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The Late Quaternary palaeogeography of mammal evolution in the Indonesian Archipelago

Journal Article


Abstract


  • The Quaternary faunal evolution for the Indonesian Archipelago reflects the unique relationship of each island with SE Asian mainland. The recent sub faunas of Sundaland (Kalimantan, Sumatra, Java, and Bali) preserved broad connections with the SE Asian mainland during the latest glacial. They are all balanced and show many mainland components. Alternatively, Wallacea (Sulawesi and the Lesser Sunda Islands) has always been geographically isolated from the mainland. Wallacea faunas thus remain unbalanced (they lack large carnivores) and endemic. A significant turnover arrives throughout the region with pronounced global sea level recessions around 0.8 Ma, during the transition from Early Pleistocene (EP) to the Middle Pleistocene (MP). By way of comparison, the palaeontological records of Japan and Taiwan also preserve this turnover, with EP-MP recessions bringing East Asian mainland immigrants. On Java, the earliest, Late Pliocene to early Pleistocene Satir fauna indicates island conditions. Java became connected to the SE Asian mainland towards the end of the early Pleistocene. Global cooling brought open woodlands on Java, an environment evidently preferred by Homo erectus in the Ci Saat fauna and Trinil H.K. fauna. As EP-MP sea level recessions created a wide corridor across the Sunda Shelf, Siwaliks and the SE Asian mainland terrestrial mammals invaded, as is seen in the Kedung Brubus fauna. The succeeding Ngandong fauna maintains an open woodland character but shows some endemism (Homo erectus and Stegodon trigonocephalus, among others, can be distinguished on a subspecies level). The Late Pleistocene marks the earliest known tropical rainforest, and the corresponding Punung fauna is of Chinese affinity (with Pongo, Hylobates, and Elephas maximus). Homo sapiens probably arrives at this point as well. The youngest fossil faunas known from Java are the still poorly known Cipeundeuy Fauna (ca. 30 ka) and the Holocene faunas from Wajak and Sampung. While Sulawesi and Flores remained isolated throughout the Quaternary, only a limited number of terrestrial vertebrates arrived by crossing sea barriers. Endemic island faunas with pygmy elephantoids and giant tortoises were present during the Early Pleistocene. EP-MP sea level recessions allowed large to medium sized elephantoids to replace the dwarf species. Around the same time, Homo erectus appears on the island of Flores. Modern faunas eventually replaced the Middle Pleistocene island faunas, but the time frame has yet to be pinpointed. Sulawesi presents a unique case. Its current fauna holds no Walanae representatives. Apart from the phalangers, which must have come from the east. The ancestors of all other large Sulawesi land vertebrates, fossil and extant, reached the island by crossing the Sunda Sea. As the South Sulawesi fauna was stable until the Middle Pleistocene, this area must have constituted a separate palaeo-island. Some localized developments can be observed (e.g. shortening of the metapodials in Celebochoerus, increasing hypsodonty in Stegodon). �� 2001 Elsevier Science B.V.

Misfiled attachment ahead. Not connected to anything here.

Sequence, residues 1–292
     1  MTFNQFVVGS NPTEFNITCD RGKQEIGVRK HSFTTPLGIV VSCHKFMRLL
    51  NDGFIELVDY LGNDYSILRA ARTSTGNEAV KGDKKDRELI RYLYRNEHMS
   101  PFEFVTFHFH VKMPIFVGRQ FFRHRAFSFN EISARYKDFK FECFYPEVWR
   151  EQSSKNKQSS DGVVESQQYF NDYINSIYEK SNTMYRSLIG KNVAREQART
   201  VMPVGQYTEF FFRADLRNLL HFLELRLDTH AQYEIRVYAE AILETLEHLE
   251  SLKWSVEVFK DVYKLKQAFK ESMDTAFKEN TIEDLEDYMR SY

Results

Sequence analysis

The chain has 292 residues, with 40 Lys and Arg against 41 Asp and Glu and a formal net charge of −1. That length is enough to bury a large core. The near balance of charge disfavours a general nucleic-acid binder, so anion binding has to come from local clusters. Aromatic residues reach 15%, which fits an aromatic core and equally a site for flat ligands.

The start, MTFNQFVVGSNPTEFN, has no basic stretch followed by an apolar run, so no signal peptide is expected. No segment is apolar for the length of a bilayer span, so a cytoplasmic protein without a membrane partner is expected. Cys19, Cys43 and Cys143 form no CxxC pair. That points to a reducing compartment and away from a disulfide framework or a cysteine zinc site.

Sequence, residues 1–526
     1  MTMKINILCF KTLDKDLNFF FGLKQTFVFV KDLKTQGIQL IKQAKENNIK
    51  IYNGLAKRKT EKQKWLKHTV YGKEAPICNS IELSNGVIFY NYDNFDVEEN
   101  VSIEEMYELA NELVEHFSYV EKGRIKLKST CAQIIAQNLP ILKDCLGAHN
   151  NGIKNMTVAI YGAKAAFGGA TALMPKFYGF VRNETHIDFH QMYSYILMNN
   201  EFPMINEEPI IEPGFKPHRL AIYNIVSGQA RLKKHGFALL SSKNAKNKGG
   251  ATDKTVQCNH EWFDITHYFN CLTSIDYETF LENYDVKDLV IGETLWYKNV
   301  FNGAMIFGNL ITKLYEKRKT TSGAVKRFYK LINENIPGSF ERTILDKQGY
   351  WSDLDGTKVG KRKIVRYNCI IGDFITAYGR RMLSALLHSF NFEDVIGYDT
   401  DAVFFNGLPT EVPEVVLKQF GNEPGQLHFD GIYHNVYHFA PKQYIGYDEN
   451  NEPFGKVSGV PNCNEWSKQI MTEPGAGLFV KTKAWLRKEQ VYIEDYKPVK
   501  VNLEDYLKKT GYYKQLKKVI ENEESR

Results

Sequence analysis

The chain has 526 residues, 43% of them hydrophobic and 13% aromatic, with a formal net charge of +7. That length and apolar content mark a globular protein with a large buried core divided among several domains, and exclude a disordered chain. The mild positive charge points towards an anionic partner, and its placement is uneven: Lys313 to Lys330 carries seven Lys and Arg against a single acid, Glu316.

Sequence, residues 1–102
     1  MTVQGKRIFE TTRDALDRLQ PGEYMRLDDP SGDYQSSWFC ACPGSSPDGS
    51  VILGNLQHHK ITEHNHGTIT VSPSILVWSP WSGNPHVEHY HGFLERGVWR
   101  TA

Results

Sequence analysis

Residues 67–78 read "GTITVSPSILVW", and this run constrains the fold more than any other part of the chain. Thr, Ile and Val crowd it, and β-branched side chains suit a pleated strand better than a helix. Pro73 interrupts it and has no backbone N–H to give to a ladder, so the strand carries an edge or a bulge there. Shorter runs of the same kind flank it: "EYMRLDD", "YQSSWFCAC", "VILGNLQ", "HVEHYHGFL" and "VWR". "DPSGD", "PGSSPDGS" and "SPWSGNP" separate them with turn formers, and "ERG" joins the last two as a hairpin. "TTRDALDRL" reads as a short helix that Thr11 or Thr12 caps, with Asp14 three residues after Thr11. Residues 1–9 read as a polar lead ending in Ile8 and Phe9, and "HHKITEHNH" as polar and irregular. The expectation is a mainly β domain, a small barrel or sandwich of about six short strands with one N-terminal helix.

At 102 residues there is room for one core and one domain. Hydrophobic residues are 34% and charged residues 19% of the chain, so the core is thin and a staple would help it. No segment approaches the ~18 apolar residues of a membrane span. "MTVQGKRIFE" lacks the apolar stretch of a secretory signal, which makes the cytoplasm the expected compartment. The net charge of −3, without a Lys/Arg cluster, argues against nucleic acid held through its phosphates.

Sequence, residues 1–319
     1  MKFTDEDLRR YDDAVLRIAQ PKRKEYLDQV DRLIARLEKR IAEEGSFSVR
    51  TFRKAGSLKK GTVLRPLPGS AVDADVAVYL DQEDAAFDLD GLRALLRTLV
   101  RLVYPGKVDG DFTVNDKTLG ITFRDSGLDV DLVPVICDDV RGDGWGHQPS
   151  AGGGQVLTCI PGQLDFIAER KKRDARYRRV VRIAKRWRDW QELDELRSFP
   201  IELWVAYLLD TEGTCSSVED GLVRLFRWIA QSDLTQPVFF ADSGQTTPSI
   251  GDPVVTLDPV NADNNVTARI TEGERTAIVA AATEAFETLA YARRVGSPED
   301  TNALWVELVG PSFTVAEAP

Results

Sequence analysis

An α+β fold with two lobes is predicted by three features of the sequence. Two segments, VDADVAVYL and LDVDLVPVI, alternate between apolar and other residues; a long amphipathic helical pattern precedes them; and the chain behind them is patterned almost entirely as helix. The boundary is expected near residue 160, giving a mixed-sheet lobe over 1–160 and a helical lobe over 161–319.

Publication Date


  • 2001

Citation


  • Van Den Bergh, G. D., De Vos, J., & Sondaar, P. Y. (2001). The Late Quaternary palaeogeography of mammal evolution in the Indonesian Archipelago. Palaeogeography, Palaeoclimatology, Palaeoecology, 171(3-4), 385-408. doi:10.1016/S0031-0182(01)00255-3

Scopus Eid


  • 2-s2.0-0035878230

Start Page


  • 385